Saturday, September 30, 2006
Tomorrow is Saraswati Puja, for (Hindu) south Indians.
Saraswati literally means “one who gives the essence (sara) of our own Self (swa).” She sits on a swan, and carries a veena (a string instrument).
Puja, as I have explained earlier, means worship, with flower offerings.
Devi Saraswati is the Mother of Learning.
Music is the highest art, the distilled essence of all knowledge, which is self-knowledge. Self-effacing devotion, expressed in heart's melody, in a prayer to Devi Saraswati, is accompanied by Divine vision.
In Carnatic music (i.e. the south Indian classical tradition), one of the first songs learnt is “Varaveena”, a prayer, in Sanskrit, a song of adoration, to Saraswati, composed by Appaya Dikshitar (1554-1626), a scholar, sage and saint.
Varaveena mrudu paani
Vanaruha lochana raani
Suruchira bambhara veni
Nirupama shubha guna lola
Nirathi jaya prada sheela
Vaanchita phala daayaki
Jaya jaya jaya
You hold the divine veena in your soft hands.
You are the queen of the omniscient. Your eyes are like the lotus petals.
Your curly tresses resemble the bees.
Devas worship your auspicious form.
You have unequalled virtuous qualities.
You give endless victory.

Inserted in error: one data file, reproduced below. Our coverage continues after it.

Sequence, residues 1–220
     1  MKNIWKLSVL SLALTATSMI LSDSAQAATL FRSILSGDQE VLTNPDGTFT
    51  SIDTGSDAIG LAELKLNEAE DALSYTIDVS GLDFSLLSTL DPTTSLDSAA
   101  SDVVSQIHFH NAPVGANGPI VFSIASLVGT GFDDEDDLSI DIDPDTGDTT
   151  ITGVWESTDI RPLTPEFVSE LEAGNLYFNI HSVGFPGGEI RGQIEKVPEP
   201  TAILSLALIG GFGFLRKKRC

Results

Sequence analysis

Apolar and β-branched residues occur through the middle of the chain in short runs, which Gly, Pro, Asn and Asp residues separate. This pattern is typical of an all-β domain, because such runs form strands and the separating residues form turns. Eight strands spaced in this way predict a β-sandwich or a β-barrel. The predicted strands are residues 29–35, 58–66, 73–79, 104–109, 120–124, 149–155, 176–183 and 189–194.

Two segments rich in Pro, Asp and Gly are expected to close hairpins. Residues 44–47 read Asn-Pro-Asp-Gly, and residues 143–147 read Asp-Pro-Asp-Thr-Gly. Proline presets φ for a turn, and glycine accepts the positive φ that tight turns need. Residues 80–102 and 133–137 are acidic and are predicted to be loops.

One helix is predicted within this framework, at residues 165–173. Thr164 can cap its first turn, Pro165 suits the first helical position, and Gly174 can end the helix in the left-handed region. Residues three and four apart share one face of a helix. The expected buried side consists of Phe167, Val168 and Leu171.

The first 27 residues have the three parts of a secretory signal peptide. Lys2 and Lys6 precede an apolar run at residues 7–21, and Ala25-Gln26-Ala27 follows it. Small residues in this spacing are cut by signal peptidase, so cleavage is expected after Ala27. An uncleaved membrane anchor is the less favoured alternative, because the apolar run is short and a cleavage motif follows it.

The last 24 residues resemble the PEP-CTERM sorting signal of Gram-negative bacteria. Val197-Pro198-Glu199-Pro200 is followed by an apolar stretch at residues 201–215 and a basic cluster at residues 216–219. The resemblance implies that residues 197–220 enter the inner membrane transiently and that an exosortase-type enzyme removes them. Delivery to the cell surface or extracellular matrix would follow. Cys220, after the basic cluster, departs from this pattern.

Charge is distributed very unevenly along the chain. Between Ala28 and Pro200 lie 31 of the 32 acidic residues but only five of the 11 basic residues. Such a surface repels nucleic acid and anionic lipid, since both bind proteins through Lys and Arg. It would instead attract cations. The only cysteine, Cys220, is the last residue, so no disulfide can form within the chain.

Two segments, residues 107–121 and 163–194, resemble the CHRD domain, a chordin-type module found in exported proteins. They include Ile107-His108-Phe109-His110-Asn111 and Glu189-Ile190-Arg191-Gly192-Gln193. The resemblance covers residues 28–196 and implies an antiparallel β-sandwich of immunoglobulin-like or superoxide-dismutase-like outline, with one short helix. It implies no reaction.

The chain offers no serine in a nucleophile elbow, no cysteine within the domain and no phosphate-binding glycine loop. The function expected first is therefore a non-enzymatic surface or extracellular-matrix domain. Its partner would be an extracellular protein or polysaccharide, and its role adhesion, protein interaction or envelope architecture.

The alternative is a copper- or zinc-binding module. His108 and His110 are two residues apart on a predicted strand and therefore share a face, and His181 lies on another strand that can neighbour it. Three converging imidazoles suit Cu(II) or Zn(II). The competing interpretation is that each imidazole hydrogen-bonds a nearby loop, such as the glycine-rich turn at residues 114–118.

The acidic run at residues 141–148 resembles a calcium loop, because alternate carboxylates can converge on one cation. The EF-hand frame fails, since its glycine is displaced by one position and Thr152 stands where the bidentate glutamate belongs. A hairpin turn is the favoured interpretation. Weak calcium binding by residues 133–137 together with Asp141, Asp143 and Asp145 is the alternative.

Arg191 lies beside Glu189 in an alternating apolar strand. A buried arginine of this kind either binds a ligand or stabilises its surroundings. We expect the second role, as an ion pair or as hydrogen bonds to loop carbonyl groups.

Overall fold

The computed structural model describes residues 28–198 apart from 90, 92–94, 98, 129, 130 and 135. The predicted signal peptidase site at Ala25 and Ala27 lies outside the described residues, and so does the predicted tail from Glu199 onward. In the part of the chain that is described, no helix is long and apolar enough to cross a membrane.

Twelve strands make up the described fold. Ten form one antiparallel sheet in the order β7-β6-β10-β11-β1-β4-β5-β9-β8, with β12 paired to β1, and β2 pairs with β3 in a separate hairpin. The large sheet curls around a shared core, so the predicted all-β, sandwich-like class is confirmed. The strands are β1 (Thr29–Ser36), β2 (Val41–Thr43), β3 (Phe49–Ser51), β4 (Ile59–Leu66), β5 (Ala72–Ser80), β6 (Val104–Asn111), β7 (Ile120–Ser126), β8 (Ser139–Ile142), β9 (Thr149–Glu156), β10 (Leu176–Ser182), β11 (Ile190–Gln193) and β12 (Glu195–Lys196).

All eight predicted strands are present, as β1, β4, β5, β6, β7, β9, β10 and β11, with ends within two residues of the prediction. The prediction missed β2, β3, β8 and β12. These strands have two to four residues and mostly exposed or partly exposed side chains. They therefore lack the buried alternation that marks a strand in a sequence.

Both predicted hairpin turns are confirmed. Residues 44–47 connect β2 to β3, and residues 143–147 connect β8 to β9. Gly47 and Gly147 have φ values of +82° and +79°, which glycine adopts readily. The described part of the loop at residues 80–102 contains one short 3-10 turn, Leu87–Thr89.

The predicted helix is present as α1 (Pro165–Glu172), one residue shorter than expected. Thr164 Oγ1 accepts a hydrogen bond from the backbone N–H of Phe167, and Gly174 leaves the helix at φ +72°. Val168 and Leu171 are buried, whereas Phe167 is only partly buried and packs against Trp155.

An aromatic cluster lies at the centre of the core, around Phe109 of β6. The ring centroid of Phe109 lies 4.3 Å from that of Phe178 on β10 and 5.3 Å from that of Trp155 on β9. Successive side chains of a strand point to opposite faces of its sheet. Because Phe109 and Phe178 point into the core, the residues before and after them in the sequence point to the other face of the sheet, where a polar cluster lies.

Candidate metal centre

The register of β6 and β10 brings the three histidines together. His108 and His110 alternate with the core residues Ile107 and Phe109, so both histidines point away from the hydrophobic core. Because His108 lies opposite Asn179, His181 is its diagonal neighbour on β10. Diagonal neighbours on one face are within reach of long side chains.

You are the munificent consort of the Beautiful Lord.
You grant boons to the deprived.
O Mother of lotus-seated Creator!
Victory to you!
This song is set in Mohanam raga, which is Bhopali raga in the Hindusthani or north Indian classical system.
Shivkumar Kalyanaraman is a professor of computer science in the USA. His website is also a treasure trove of resources on Carnatic music. He has provided the musical notations for this song, as well as an MP3 recording of a teaching of this song.
Thank you Shivkumar, and may Mother Saraswati’s blessings be always with you.
Another rich site is karnATik.
My mother is away in Bombay, otherwise she would have organised the Puja at home, with an offering of sweet and savoury rice, and the placing of books (of students in the house) before the image of Saraswati.
My younger son Rishiraj (aka Chotu), 11, was the last to religiously place all his school books in front of the image at home. This is a day on which there must be no studying! Great for kids at home during vacations! Chotu's in boarding school now, with his brother Rituraj, 15.
My mother will be doing the Puja at her sister’s, in Bombay.
Hence it will only be an 'inner' observation for me. I observed Saraswati Puja by:
conveying my heartfelt good wishes to -
JP, a college-mate and fellow Tamil-ian & Calcuttan (in which fact I take particular pride right now, as JP has recently become the CIO, Global Services, of British Telecom);
Achinto, photographer, with whom I had been out of touch for a long time; and
Dipali, painter, designer, art teacher and friend, and Saraswati incarnate.